12 x 2-hour lectures per semester
1 x 4-hour on-line exercises once-only
12 x 1-hour on-line tutorials per semester
1 Admission into BSW-Bachelor of Social Work
1a Admission into BSWSP-Bachelor of Social Work and Social Planning
1b Admission into BSWBSP-Bachelor of Social Work and Bachelor of Social Planning
1c Admission into BDDE-Bachelor of Disability and Developmental Education
1d Admission into BDCI-Bachelor of Disability and Community Inclusion
Must Satisfy: ((1 or 1a or 1b or 1c or 1d))
Course context
Bachelor of Social Work
Topic description
Social Work takes as its premise the fact that decisions made regarding policy and programs should always be informed by the voices of consumers. This is what we would refer to as 'active citizenship', and perhaps nowhere is this more applicable than in terms of mental health. If our aim in wanting to work with people to overcome mental health challenges is for them to be able to participate in public life and take up the opportunities available to them as citizens, we need to ensure that our work creates, rather than closes down, such opportunities. This topic will cover theories and models of citizenship and public participation in regards to mental health, including practical examples of how professionals can best facilitate engagement, and what mental health factors lead certain groups of people to make demands on the state.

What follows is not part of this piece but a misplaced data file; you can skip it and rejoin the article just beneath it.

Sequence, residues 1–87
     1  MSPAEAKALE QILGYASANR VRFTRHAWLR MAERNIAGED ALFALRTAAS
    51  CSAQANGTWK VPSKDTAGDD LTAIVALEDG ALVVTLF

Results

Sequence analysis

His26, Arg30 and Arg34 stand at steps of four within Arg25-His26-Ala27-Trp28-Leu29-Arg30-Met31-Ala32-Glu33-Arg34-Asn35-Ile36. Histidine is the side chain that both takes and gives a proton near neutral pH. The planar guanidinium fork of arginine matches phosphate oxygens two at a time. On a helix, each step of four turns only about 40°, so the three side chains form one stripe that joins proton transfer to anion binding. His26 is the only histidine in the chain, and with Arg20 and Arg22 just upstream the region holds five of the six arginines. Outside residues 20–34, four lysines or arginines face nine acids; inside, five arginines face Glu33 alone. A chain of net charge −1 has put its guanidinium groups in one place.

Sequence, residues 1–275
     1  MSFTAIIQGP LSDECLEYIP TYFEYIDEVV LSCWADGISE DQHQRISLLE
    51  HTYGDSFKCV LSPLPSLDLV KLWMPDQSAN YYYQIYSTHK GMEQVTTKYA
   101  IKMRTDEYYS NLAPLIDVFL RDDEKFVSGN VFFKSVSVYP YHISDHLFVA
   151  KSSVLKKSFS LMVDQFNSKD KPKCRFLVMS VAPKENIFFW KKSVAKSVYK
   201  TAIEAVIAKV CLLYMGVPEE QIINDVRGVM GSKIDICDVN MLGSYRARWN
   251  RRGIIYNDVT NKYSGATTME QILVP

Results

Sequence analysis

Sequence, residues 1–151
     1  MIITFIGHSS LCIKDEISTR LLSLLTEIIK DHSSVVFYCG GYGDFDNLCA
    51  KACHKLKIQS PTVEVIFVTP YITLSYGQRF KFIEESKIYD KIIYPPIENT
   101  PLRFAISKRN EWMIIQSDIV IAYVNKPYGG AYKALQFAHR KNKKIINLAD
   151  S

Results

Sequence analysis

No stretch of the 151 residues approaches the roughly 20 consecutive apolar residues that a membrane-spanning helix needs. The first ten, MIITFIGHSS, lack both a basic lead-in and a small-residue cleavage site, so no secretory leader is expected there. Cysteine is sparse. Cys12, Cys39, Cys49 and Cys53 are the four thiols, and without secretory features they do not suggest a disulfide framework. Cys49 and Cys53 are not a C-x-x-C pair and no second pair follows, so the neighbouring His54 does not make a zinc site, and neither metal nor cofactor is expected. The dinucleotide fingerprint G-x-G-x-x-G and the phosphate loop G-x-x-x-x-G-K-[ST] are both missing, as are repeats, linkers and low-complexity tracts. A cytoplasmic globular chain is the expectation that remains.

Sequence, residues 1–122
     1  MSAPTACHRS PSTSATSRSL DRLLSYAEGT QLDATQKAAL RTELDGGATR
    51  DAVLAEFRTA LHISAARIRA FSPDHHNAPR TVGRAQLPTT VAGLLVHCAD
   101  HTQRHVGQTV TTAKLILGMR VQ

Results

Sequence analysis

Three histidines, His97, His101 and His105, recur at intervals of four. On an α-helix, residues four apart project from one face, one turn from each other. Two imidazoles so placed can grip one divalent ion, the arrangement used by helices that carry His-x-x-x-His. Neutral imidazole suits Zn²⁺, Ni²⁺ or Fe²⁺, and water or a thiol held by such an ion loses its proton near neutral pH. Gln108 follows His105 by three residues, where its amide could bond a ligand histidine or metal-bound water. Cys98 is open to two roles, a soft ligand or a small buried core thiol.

Educational aims
  • The topic will give an understanding of citizenship and public participation in terms of mental health and the implications this has for human service delivery.
  • The topic will introduce students to difference theories of citizenship and society and theories and methods of public participation in mental health contexts.
  • The topic will assist students to identify how to facilitate public participation in ways that give voice to individuals and groups often excluded from being heard in the mental health sector.
  • The topic will provide a basic overview of community mental health concepts as they pertain to citizenship and public participation.
Expected learning outcomes
  • Demonstrate understanding of theories of citizenship and society and relate these to mental health outcomes.
  • Demonstrate an understanding of different models of public participation in local-level decision making.
  • Demonstrate the capacity to link theoretical concepts to practical examples of community engagement.
  • Understand the fit between mental health and social work through the lens of social inclusion.
  • Work independently and as part of a team, manage time, plan work to a schedule, and communicate confidently and in an informed and respectful manner with peers.